Rules for Social Security Disability Benefits

by Sherrie Scott ; Updated July 27, 2017
Social Security disability benefits are the primary source of income for many Americans.

Social Security Disability Insurance is designed to protect workers if they become disabled and incapable of performing their job duties. The U.S. Social Security Administration determines the rules and eligibility requirements for American workers who are permanently unable to work because of a disability.

Definition

According to the U.S. Social Security Administration, people are considered disabled and possibly eligible for disability benefits if they “cannot do the work they did before,” if the disability is expected to “last at least a year or result in death,” and if the administration determines that the insured “cannot adjust to other work because of the medical condition.”

Benefit Eligibility

Individuals may be eligible for disability benefits if they “have worked in jobs covered by Social Security.” Workers pay Social Security taxes throughout their employment career. Once retirement age is reached, the worker is eligible to begin receiving benefits based on the number of years he paid into the pool. If a worker becomes disabled before retirement age, in some cases he can receive disability benefits until he can return to work.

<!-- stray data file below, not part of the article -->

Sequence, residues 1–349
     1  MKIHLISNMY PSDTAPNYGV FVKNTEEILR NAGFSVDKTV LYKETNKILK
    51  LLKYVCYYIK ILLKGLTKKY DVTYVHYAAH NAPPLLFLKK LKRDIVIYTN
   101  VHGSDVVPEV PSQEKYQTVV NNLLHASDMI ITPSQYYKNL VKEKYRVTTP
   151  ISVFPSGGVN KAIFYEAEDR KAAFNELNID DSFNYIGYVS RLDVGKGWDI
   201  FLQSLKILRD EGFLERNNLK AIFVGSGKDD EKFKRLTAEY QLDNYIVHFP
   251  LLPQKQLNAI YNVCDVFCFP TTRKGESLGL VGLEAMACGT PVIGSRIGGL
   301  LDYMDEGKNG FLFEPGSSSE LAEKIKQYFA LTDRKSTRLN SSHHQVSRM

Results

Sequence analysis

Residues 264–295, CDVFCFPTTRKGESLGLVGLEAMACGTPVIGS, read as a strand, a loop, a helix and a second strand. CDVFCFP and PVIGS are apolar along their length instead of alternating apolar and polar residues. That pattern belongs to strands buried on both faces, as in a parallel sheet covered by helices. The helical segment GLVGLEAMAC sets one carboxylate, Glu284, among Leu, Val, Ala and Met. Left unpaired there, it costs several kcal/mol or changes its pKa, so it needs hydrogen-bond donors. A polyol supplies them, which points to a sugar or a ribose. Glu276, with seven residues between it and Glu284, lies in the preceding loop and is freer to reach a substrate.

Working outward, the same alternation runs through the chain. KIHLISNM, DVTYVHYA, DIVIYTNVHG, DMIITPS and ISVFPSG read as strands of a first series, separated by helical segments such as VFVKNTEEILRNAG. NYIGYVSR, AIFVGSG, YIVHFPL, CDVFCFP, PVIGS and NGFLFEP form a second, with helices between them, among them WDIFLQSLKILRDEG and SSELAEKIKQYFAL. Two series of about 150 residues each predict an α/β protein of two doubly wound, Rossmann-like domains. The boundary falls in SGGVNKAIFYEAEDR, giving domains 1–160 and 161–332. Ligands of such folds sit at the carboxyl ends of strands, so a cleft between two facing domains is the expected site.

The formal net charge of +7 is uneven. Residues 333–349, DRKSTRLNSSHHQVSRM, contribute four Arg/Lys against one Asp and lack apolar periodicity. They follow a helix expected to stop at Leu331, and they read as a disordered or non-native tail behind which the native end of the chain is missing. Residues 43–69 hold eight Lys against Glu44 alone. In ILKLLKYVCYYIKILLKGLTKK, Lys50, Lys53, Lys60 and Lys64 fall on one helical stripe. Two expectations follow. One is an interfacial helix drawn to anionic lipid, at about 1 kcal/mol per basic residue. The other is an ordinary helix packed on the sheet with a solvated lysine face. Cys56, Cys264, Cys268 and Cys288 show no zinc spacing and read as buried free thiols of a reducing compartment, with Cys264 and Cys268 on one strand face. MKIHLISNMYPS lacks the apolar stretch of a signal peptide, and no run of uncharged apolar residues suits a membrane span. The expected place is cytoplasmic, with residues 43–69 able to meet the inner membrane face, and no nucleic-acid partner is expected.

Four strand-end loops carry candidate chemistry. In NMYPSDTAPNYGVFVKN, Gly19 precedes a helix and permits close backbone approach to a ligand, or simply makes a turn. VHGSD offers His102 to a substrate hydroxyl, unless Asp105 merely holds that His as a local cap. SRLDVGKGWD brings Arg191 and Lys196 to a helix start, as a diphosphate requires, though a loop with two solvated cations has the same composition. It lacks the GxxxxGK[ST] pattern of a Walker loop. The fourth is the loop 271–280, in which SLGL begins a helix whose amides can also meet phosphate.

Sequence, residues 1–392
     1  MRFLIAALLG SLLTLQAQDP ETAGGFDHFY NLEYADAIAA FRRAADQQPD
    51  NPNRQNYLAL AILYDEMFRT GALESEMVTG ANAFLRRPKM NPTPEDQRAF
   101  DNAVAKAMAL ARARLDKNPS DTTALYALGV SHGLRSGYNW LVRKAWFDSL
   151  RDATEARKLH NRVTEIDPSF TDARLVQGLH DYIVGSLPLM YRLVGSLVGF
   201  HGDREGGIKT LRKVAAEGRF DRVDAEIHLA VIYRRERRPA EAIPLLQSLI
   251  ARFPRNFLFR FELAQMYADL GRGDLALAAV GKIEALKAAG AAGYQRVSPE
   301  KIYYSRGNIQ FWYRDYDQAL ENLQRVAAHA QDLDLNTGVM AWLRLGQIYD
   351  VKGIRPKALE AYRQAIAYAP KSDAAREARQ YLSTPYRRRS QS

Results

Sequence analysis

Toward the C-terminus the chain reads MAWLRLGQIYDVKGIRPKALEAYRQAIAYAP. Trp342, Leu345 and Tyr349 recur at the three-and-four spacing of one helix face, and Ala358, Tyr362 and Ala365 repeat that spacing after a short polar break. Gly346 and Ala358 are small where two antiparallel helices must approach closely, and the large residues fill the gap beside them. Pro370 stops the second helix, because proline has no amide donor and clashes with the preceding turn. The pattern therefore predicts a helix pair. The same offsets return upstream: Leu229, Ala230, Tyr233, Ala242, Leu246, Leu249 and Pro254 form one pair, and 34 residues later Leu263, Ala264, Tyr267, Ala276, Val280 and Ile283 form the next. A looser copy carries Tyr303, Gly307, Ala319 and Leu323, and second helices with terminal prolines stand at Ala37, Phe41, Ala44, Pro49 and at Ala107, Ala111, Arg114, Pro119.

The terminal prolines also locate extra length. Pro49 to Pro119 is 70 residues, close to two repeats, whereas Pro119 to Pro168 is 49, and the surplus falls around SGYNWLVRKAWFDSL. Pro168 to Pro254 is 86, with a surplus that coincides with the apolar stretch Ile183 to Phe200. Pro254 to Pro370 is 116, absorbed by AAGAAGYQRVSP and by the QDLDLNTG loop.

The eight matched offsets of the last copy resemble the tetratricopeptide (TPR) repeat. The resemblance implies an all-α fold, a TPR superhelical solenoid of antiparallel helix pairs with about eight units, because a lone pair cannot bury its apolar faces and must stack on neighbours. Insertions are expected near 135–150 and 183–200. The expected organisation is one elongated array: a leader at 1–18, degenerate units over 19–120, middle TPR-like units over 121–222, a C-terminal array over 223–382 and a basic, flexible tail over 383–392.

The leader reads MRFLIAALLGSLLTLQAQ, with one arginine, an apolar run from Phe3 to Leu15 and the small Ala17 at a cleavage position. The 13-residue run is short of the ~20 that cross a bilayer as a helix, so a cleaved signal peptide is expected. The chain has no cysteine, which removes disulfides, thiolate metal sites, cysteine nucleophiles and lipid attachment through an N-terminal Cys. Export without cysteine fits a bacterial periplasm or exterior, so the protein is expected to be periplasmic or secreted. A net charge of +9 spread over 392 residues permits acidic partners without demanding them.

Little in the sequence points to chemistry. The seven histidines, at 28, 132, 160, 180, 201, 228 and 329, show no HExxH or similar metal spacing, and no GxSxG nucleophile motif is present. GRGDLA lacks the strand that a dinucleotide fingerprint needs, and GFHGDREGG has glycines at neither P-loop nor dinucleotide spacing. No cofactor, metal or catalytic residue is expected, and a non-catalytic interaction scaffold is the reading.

Other Benefits

Family members of disabled workers also may be eligible for Social Security disability benefits. Spouses, ex-spouses and dependent children can obtain benefits up to certain limits. According to the Social Security Administration, eligible family members can obtain “up to 50 percent of your disability rate.”

About the Author

Sherrie Scott is a freelance writer in Las Vegas with articles appearing on various websites. She studied political science at Arizona State University and her education has inspired her to write with integrity and seek precision in all that she does.

Photo Credits

  • disabled retrieval arm. image by mdb from Fotolia.com